Tuesday, September 8, 2015
Phenomenology and the Self: An Asymmetric Laterality of Phenomenality
In light of Jean-Luc Marion's critique, rehabilitation and appropriation of the Cartesian subject, especially as viewed through the lens of Christina M. Gschwandtner's discussion in her Reading Jean-Luc Marion ("Phenomenology of the Self"), I would like to revisit the relationship of the self to the given in the phenomenological moment. Previously, I have attempted to blunt the dialectical tension within the concept of 'polarity' of the 'self' and the 'given' which is prominent in the critique of Marion's work in this area, and I opted for a more neutral notion of 'sidedness' or laterality, despite the asymmetry inherent in the relationship between either side of phenomenality. I have posited a concept of phenomenodynamics and phenomenokinetics (quite frankly, based on the analogy with the principles of pharmacodynamics and pharmacokinetics in medicine and drug therapy), where the former describes the effects on the given upon the gifted, and the latter describes the effects of the gifted upon the given.
Individuation and the formation of the 'self' are constituted by the 'given' in this moment. In order to maintain the utter freedom in which the given gives itself in its degrees of saturation, and to maintain the unconditionality and anonymity of any 'pure gift' or 'pure call,' there must be at the core of phenomenality a productive 'back and forth,' an oscillation (Schwebe, nach K. Rahner) between given and gifted that has the fortuitous effect of bringing the self into itself more fully, which increasingly opens the aperture upon the given which is always showing itself fully. The gaze of the viewing, receiving subject itself remains open to individuation, which is a response to the 'call' (i.e., interlocuted, interpellated), shaped by the given. Phenomenodynamically, the given opens into the subjectivity of a self that is always emerging, individuating it into something new. Phenomenokinetically, the widening gaze of an emerging, individuating self opens the aperture upon the given. The nature of the aperture is problematic (is it 'really' a feature of the given, or of the gaze?), but practically speaking, in terms of the laterality of the phenomenological moment, the aperture seems to straddle either side, hence, it also seems to be constitutive of the relationality that inheres there.
This schematic flux of phenomenality has implications for how the given and gifted radiate their relationality. If the aperture works to show degrees of givenness, in which phenomena have the characteristic of presenting as simple objects or less saturated phenomena, or intuition-busting, intention-bending embarrassingly rich saturated phenomena par excellence, such types of givenness and saturation 'depend' on the recipient. The recipient/gaze cannot be constitutive of the unconditionality or anonymity of the given, but only of how these enter experience. If I may bastardize Lacan's 'mirror stage' here, the glass dimly seen might be able to interrogate the gaze. Since one does not look into the face of the Gorgon and live, the gaze must either be reflected or refracted---the given is always privileged in givenness and objectivity (it 'is' there regardless of a gaze; it need not enter phenomenality).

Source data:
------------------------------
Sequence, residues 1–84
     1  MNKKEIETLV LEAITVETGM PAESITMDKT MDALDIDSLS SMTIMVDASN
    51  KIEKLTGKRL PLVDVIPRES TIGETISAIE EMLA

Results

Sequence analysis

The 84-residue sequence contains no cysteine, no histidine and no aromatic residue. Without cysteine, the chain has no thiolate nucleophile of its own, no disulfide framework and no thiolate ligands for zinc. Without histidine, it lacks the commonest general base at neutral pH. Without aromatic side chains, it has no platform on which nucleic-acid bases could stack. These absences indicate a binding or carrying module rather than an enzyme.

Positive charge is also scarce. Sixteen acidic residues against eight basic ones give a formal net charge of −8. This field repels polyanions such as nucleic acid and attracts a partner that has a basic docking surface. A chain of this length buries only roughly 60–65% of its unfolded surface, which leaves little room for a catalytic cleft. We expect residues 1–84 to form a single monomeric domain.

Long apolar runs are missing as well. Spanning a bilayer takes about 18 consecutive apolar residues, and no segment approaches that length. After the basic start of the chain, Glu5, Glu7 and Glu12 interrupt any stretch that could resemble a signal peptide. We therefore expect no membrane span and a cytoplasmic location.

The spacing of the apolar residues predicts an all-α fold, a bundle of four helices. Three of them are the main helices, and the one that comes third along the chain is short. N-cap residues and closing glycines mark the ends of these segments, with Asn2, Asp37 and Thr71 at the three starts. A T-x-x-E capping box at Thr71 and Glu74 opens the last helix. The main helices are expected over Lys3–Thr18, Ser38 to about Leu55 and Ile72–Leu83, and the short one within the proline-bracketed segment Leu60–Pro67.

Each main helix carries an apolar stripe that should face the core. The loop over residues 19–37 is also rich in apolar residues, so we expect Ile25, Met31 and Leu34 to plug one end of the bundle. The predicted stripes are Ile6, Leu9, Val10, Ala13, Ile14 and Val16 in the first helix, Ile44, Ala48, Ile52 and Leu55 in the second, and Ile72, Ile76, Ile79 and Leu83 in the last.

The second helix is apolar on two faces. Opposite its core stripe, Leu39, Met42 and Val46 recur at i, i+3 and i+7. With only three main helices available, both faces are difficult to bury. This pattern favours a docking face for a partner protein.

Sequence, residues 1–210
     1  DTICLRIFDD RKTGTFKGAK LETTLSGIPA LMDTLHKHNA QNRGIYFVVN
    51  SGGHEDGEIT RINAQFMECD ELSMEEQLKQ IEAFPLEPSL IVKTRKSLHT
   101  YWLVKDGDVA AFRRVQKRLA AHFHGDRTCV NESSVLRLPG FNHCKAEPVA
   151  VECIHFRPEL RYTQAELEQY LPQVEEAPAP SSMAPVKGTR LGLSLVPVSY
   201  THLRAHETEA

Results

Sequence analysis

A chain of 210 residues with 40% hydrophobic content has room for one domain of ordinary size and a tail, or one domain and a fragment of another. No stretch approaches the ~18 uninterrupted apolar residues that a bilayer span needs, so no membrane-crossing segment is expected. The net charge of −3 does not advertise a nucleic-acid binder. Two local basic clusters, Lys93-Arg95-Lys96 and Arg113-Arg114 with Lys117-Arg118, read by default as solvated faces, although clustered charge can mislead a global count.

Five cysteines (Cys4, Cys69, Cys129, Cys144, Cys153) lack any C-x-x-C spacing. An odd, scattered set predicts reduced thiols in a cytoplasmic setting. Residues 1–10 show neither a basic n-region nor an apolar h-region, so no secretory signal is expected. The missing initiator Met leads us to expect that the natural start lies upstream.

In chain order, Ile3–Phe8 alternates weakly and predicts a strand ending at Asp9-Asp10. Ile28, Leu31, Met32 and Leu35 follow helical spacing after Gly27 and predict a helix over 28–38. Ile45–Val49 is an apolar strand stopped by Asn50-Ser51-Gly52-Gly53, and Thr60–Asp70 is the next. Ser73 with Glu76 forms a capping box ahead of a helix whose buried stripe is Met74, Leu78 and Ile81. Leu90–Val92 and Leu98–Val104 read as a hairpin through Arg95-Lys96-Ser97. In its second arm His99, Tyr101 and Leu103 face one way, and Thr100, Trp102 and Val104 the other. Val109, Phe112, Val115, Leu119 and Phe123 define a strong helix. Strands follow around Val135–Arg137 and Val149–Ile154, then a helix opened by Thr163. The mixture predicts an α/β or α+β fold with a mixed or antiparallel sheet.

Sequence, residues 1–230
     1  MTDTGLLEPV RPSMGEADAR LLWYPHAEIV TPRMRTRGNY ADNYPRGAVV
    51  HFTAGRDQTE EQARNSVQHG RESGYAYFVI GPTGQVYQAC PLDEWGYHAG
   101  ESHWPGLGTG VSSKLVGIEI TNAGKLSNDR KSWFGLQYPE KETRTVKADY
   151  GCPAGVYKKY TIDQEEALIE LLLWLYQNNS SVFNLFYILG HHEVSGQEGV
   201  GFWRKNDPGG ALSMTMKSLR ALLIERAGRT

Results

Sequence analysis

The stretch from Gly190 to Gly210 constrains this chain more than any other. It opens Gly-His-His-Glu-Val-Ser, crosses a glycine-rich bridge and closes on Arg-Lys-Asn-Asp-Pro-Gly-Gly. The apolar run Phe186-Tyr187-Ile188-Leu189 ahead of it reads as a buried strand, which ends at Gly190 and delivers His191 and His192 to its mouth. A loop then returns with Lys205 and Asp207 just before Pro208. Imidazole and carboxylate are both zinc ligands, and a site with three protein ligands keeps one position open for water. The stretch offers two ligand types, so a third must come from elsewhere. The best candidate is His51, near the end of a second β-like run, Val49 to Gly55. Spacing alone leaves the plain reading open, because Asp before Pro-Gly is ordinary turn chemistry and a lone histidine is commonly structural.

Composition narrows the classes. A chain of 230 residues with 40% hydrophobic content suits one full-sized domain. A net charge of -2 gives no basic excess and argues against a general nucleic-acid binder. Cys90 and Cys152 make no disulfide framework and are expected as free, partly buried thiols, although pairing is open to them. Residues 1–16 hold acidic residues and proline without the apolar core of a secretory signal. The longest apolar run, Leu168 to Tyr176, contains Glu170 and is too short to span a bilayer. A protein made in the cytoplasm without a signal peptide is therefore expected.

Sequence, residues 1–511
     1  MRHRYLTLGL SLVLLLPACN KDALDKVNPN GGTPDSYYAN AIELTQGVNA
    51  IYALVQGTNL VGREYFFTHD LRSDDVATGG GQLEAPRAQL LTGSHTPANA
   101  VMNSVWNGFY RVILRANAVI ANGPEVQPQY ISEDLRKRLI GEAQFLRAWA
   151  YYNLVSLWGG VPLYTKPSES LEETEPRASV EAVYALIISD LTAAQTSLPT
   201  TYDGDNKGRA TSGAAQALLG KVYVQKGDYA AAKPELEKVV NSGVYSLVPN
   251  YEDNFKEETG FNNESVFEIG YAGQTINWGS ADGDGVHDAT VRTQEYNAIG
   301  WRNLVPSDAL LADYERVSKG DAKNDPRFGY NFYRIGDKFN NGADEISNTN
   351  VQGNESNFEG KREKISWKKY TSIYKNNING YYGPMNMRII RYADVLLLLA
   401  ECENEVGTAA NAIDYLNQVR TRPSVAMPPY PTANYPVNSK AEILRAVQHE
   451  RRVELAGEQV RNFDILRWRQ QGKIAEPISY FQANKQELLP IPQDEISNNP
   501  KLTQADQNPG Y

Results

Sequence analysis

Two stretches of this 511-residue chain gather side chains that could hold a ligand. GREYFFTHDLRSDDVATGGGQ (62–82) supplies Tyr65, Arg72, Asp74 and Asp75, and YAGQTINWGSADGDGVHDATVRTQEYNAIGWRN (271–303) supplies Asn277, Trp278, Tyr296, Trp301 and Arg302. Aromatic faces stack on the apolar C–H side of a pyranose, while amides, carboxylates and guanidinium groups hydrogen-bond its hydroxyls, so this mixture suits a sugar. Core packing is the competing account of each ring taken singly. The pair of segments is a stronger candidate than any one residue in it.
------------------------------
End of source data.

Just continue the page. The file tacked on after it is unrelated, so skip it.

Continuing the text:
Individuation, the gaze, the aperture, the given and the gifted play out upon a version of Lacan's mirror, which for our purposes is a shape-shifting, property-altering, flexi-plexi-glass mirror. It distorts but it also represents; it reflects but also refracts the gaze; and behind the glass something beckons. The gifted can see its own image, but never in isolation: it is always upon the surface of the glass: it can see its wholeness as a differentiating flesh, but always surrounded by surfaces reflective and translucent, but never quite transparent. It sees, yet it sees within the possibility of being seen---interrogated, read, perhaps even received---loved. At times, it suspects that the mirror is a two-way mirror, like the one in police and FBI interrogation rooms. It might not be love at all.
This 'mirror' gives an account of saturation, which can be of several types, but certainly the icon and the idol. The icon saturates the intuition by bending the gaze through a translucency of the glass that allows for being seen (open to the other); the idol saturates through its massive reflection of the gaze back upon the subject, which knows its image is contextualized but declines the company and becomes isolated within a flesh that can only be seen by itself, and forecloses 'being seen' (solipsism). A self poised toward openness receives the gift as that gift individuates the subject and its gaze which can orient itself upon the aperture that determines the degree of givenness that can come into view, into phenomenality. The play on the mirror is a game of surfaces. The asymmetric laterality straddled by the aperture upon the given might add degrees of porosity of those surfaces into either side of phenomenological moment.